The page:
10 HR Interview Questions and How to Answer Them (2024)

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To prepare for an upcoming human resources interview, review these sample interview questions.

10 HR Interview Questions and How to Answer Them (1)

Acing a human resources (HR) job interview takes preparation. In addition to researching the company and polishing your resume, studying interview questions and preparing potential responses can set you up for success in landing your next job. Hiring managers use interviews to learn about your personality, qualifications, skills, and how you think in different situations.

You'll likely face a variety of questions. Some may be standard HR interview questions, while others will be specific to the job you're applying for.

Continue reading to familiarize yourself with common interview questions and sample answers.

10 HR interview questions

Let’s explore some HR interview questions, the thinking behind them, advice on how to respond, and some sample answers.

1. Tell me about yourself.

This is often the first question asked in an interview. The employer wants to know what experience you've had, your career path, and what skills you can bring to the organization.

Consider the employer’s needs and how your skills meet them. Prepare a brief answer summarizing your experience, qualifications, and ambitions for the future. Keep your response short (no more than two minutes), and relate it to the job description.

Read more: 10 Common Interview Questions and How to Answer Them

2. What is your understanding of the role of a human resources department?

This is asking what you know about HR as a professional field. For entry-level positions, interviewers often ask this to check that you understand what the job entails. This can also be a more senior-level question, where the interviewer wants to understand your approach and your level of HR knowledge.

Example response: I know that the HR departments are responsible for many things, including employee selection, recruiting and training processes, workplace communication, payroll and benefits administration, disciplinary actions, termination processes, and much more. The HR department also liaises between management and employees to resolve any issues or concerns. I believe HR is a crucial function that contributes to any company's culture and productivity.

One way to prepare for this question is to take a course that covers different aspects of HR. Consider the University of London's free course, The Manager's Toolkit: A Practical Guide to Managing People at Work, to review concepts and strategies around leadership, compensation, performance management, conflict management, and more.

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3. Why do you want to work in the HR department?

This question is investigating your commitment and your approach to human resources.

Example response: Human resources play an important role in any company because the department manages and promotes the most vital asset—people. As an HR professional, I enjoy being able to help people fulfill their potential by hiring the right people and then helping them thrive in their jobs. HR allows me to express my personality every day. I love the day-to-day tasks we engage in and helping to solve the problems that may arise.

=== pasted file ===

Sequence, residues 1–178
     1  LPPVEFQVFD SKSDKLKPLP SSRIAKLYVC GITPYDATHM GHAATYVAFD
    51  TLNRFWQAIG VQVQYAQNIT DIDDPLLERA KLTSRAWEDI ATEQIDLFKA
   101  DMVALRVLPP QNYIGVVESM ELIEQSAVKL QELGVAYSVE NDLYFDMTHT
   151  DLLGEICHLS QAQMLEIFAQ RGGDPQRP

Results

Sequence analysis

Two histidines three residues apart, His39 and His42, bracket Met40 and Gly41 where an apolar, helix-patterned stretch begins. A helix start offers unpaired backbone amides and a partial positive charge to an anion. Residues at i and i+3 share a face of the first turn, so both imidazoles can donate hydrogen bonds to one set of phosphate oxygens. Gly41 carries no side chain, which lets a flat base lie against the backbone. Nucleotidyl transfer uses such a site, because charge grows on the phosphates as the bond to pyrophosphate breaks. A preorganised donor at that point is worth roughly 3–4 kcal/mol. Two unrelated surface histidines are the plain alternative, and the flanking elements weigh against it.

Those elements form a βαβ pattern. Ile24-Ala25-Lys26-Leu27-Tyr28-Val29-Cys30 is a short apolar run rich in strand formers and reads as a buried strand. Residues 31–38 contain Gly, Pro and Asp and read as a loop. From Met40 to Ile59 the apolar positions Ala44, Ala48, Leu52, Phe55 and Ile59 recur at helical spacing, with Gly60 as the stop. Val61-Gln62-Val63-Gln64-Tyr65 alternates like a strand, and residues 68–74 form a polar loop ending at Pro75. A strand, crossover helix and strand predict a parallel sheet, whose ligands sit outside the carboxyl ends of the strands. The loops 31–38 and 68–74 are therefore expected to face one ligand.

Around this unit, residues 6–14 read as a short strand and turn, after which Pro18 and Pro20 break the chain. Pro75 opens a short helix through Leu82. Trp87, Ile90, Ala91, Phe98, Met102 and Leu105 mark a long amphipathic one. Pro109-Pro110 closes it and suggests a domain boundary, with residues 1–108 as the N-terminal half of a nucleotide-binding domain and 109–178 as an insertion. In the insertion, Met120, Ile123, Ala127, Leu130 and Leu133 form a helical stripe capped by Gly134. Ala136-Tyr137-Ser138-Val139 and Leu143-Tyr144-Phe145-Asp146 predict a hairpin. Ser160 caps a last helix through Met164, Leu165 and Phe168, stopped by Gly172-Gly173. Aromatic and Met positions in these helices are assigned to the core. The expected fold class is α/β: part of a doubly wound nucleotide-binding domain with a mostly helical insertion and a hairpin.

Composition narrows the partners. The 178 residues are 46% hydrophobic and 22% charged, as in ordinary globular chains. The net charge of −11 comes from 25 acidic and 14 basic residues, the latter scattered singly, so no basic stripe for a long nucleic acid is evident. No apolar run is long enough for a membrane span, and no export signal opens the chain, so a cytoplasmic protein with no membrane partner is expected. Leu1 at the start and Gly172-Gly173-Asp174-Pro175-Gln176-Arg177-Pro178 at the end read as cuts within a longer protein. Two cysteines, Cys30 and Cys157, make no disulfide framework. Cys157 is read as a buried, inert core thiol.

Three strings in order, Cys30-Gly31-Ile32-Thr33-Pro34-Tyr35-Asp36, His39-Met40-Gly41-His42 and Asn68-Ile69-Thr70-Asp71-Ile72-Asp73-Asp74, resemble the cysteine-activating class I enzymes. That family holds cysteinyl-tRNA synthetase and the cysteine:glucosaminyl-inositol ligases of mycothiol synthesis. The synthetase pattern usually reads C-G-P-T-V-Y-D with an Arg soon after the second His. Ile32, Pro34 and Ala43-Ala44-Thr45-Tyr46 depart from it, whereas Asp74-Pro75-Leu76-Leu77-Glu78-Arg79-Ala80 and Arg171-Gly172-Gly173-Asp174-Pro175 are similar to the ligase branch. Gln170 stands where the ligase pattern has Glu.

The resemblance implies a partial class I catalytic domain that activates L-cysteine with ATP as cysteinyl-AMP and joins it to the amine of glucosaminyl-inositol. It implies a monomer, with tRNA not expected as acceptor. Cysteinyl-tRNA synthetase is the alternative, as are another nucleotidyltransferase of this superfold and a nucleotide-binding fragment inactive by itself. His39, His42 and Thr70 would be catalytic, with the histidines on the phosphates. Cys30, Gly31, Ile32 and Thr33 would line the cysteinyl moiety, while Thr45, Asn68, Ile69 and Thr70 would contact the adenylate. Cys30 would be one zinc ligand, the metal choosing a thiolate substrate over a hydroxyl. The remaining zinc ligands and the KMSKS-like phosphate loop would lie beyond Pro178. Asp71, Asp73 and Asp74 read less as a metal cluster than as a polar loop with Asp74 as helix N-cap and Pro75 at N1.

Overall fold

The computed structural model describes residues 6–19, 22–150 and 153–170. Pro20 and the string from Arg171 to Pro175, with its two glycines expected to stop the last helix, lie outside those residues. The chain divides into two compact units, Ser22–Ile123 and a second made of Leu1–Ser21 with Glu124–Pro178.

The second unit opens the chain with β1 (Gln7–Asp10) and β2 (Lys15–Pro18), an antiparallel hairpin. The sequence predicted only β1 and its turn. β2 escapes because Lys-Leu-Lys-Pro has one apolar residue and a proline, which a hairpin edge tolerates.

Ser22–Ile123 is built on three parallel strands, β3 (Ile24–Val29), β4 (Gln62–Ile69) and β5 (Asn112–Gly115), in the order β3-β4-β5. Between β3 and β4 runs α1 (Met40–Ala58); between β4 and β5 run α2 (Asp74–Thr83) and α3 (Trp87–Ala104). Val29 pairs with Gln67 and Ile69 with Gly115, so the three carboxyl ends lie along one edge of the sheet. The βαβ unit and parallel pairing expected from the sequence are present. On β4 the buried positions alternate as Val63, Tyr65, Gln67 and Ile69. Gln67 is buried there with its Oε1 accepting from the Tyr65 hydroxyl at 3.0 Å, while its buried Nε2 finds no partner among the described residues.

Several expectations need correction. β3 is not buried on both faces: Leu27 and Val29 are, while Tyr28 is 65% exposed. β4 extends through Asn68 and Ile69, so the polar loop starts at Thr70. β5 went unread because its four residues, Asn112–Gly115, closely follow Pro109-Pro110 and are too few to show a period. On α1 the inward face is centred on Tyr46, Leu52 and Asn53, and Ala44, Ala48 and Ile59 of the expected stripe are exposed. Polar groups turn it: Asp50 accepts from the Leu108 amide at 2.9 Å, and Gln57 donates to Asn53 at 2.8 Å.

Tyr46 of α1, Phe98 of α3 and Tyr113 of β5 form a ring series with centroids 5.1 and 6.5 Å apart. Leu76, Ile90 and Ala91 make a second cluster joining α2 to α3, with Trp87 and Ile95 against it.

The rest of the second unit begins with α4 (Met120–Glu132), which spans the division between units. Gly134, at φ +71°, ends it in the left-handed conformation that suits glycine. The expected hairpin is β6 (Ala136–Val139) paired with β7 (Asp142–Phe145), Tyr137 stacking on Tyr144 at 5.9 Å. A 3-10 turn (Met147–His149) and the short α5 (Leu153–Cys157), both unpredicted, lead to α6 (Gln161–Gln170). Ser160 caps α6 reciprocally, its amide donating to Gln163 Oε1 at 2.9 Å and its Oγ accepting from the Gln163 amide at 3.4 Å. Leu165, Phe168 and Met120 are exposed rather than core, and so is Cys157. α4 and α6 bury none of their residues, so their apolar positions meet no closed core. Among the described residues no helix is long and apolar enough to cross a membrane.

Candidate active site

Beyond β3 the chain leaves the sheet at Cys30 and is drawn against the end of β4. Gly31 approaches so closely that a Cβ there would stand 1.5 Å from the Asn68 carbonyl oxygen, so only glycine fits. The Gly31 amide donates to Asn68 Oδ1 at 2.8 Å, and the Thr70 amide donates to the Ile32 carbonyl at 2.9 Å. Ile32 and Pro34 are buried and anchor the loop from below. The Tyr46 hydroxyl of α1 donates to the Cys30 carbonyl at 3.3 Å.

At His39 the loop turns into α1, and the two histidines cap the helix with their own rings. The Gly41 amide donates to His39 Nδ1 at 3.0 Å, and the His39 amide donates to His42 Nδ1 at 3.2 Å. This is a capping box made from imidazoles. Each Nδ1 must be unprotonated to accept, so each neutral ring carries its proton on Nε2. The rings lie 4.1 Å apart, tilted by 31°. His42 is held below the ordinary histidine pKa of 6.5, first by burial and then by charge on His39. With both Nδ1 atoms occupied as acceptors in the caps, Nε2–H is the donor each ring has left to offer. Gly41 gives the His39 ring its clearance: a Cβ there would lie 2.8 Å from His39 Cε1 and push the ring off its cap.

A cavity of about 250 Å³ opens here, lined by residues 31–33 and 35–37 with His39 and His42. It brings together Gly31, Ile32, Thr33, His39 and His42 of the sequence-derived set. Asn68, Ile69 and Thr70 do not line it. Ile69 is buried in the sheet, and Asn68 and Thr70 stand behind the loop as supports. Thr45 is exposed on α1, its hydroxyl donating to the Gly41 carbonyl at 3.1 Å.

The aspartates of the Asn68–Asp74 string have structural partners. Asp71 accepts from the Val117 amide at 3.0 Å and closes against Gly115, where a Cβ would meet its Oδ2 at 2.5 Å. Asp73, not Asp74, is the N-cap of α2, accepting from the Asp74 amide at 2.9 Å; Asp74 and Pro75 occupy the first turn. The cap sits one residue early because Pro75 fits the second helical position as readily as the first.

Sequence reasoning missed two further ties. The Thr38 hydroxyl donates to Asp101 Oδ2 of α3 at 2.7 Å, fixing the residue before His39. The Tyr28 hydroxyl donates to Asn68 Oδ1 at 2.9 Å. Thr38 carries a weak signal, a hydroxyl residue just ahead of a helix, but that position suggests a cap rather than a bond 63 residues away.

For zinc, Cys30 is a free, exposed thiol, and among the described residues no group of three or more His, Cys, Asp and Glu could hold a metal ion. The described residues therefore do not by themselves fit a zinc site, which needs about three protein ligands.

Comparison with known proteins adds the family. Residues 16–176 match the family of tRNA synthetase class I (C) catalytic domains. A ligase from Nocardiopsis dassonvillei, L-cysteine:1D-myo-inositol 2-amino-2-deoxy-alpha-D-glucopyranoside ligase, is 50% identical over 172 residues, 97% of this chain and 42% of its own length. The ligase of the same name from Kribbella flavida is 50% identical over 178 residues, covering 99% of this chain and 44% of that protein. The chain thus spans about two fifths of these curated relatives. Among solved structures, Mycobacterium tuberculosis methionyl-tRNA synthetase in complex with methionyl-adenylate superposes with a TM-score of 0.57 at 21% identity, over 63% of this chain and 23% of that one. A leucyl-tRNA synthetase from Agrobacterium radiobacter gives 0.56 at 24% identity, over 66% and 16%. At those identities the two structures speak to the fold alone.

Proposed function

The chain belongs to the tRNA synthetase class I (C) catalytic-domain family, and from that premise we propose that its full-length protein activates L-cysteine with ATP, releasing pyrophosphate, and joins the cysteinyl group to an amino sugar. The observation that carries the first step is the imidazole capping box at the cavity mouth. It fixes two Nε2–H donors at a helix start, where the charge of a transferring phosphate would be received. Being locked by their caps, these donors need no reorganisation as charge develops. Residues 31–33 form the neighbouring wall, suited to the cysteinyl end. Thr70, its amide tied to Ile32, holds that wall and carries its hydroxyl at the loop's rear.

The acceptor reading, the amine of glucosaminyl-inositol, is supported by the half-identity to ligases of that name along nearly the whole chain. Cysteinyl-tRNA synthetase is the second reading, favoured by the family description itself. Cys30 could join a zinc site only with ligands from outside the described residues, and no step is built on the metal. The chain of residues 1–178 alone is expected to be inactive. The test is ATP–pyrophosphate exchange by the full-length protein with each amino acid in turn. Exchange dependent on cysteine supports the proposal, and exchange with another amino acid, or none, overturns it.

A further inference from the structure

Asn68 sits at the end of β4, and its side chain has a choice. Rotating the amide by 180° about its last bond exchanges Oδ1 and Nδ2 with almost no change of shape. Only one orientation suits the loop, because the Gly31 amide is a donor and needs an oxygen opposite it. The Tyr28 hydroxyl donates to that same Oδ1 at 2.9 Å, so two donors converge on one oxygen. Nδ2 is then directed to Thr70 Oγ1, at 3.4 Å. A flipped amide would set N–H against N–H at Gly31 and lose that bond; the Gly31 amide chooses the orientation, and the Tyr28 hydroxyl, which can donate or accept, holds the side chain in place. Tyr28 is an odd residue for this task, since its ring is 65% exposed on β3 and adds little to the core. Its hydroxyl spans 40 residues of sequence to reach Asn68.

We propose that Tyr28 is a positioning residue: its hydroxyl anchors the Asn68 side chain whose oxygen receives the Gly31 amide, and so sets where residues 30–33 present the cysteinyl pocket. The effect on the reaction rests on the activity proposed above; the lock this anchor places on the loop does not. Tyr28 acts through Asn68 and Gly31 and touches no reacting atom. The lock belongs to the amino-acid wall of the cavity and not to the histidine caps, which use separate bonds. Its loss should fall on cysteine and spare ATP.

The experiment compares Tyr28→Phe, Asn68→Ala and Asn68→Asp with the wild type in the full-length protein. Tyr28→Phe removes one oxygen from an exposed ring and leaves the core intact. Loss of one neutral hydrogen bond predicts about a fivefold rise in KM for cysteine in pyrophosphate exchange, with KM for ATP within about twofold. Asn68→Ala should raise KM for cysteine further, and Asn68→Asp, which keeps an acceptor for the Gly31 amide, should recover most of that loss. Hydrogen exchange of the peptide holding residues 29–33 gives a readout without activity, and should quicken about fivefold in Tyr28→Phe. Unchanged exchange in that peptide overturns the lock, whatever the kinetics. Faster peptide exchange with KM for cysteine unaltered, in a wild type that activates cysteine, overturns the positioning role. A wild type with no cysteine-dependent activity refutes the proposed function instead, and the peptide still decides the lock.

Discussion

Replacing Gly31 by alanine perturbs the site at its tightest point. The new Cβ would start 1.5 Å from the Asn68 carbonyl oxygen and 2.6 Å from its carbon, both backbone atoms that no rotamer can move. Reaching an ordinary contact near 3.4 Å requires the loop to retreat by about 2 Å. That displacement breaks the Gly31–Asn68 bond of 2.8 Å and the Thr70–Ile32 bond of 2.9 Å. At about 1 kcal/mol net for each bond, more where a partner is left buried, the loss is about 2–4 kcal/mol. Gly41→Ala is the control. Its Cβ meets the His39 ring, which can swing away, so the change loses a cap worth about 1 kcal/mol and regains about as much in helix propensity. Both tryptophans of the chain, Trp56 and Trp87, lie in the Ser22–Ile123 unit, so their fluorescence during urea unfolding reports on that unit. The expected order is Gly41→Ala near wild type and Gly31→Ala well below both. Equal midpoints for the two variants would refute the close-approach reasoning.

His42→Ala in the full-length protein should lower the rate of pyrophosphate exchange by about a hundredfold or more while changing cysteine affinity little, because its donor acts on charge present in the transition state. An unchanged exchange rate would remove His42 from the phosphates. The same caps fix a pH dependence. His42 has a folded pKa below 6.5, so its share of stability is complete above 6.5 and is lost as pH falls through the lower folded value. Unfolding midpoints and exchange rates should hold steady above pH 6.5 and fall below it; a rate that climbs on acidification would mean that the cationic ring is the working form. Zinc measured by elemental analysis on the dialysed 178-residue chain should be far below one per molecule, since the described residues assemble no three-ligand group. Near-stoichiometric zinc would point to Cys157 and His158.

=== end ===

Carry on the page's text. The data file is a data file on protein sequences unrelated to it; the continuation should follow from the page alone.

Read more: A Human Resources Department Guide

4. Why do you want to work for our company?

Employers will want to find out if you've taken the time to research their business and understand its objectives. Your answer should provide a factual overview of what you know about the company, explain why you would like to work for them, and explain how the role fits your career plans.

5. What are your greatest strengths?

Interviewers often ask candidates to discuss their strengths in an interview to gauge how they might perform in the role and what skills they would bring to the team. Consider your two or three most job-relevant attributes and frame them in a concise answer that highlights specific skills and achievements. Sharing real-life examples of your strengths in action shows you know how to use your strengths to drive results and solve problems.

Read more: 10 Examples of Strengths and Weaknesses for Job Interviews

6. Please tell me about a time you had to deal with a complaint from a staff member about someone more senior.

Managing conflict is an integral part of any HR role. It can involve resolving issues between employees and managers, addressing performance issues, or dealing with other problems. It’s important to show you can handle these conversations carefully, diplomatically, and confidentially. During your interview prep, consider the most relevant examples you have to share and prepare a response describing the steps you took to resolve the situation. Use these prompts to help formulate your answer:

  • Who did you talk to?

  • How did you get them to open up?

  • What did you do next?

  • What was the outcome?

Watch this video for more ideas on managing conflict and formulating an answer to this interview question.

7. How do you ensure equality and diversity policies are followed in the workplace?

This question will assess your knowledge of workplace laws and regulations concerned with equality, diversity, and anti-discrimination. It will also show how you ensure implementation.